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[whatwg] [WA1] The profile Attribute

From: James Graham <jg307@cam.ac.uk>
Date: Sun, 17 Apr 2005 14:11:56 +0100
Message-ID: <4262609C.7090800@cam.ac.uk>
Ian Hickson wrote:
> On Sun, 17 Apr 2005, Lachlan Hunt wrote:
> 
>>>Imagine you use publicly available profiles A and B.
>>>
>>>Two months later, the author of profile A updates his profile to 
>>>include the definition "baz", meaning something completely different 
>>>to the definition from profile B.
>>
>>Well, I'd say the author of profile A has broken some rules by not 
>>keeping the URI for an old version persistent.
> 
> 
> There is no way we are requiring a new URI every time the profile changes. 
> That would be an administrative nightmare for editors, authors, and UA 
> implementors. It would make working out common semantics nigh on 
> impossible. IMHO, anyway.
> 
> 
> 
>>>The only way I can see to avoid this is to use only one profile, since 
>>>then you can't ever get clashes.
>>
>>There are other ways I've seen proposed, such as using namespaces:
>>
>>http://www.protogenius.com/rel-schemas/draft-scheid-rel-schemas-00.htm
> 
> 
> Namespaces are not an option. Authors simply don't understand them.

Respectfully, I think namespaces are the only sensible solution here and 
in other situations where the document is mixing semantics from multiple 
sources. What's the evidence that authors don't understand namespaces?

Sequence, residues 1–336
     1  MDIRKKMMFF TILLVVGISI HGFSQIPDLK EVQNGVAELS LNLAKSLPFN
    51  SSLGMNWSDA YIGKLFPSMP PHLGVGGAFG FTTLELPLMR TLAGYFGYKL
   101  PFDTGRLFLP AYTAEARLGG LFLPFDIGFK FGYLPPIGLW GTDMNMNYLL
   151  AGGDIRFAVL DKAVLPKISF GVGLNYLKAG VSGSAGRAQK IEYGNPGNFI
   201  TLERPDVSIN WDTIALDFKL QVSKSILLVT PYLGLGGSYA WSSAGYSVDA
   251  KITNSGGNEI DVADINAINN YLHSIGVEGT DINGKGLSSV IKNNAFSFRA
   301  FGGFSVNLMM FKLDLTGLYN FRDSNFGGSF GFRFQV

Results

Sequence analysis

Does it all come from XML namespaces (which are more complex than 
anything we would need for this type of problem*)? In any case I think 
this is a situation where, with sensible defaults, we can provide a 
useful feature that will be well within the grasp of the small subset of 
authors who actually want to use it.

* For example we could define <profile name="foo" 
href="http://example.com/profiles/#foo" /> and then require a profile 
attribute for elements with rel values not assosiated with the default 
profile, which would be given by the value of the profile attribute in 
<head> or the last <profile> element with no <name> value. That seems 
much simpler than XML namespaces.


-- 
"Sir: "Offence" is not confined to the religious. I take offence at 
"Rudolph the Red-Nosed Reindeer", "Jingle Bells" and all that they stand 
for; at ten-gallon hats and other symbols of American aggression; at 
slit-eyed black veils and other symbols of the oppression of women; at 
First Communion veils, and other symbols of the indoctrination of 
children. But I do not start a riot when I encounter them, nor try to 
get them banned by law. I mutter through gritted teeth and turn the 
other way.

There is a case to be made that all of us should try to avoid giving 
gratuitous offence to others. But how has our secular society been 
conned into allowing religious offence to jump the queue and claim 
special privileges?"

- Richard Dawkins (The Independent, 24th December 2004)
Received on Sunday, 17 April 2005 06:11:56 UTC

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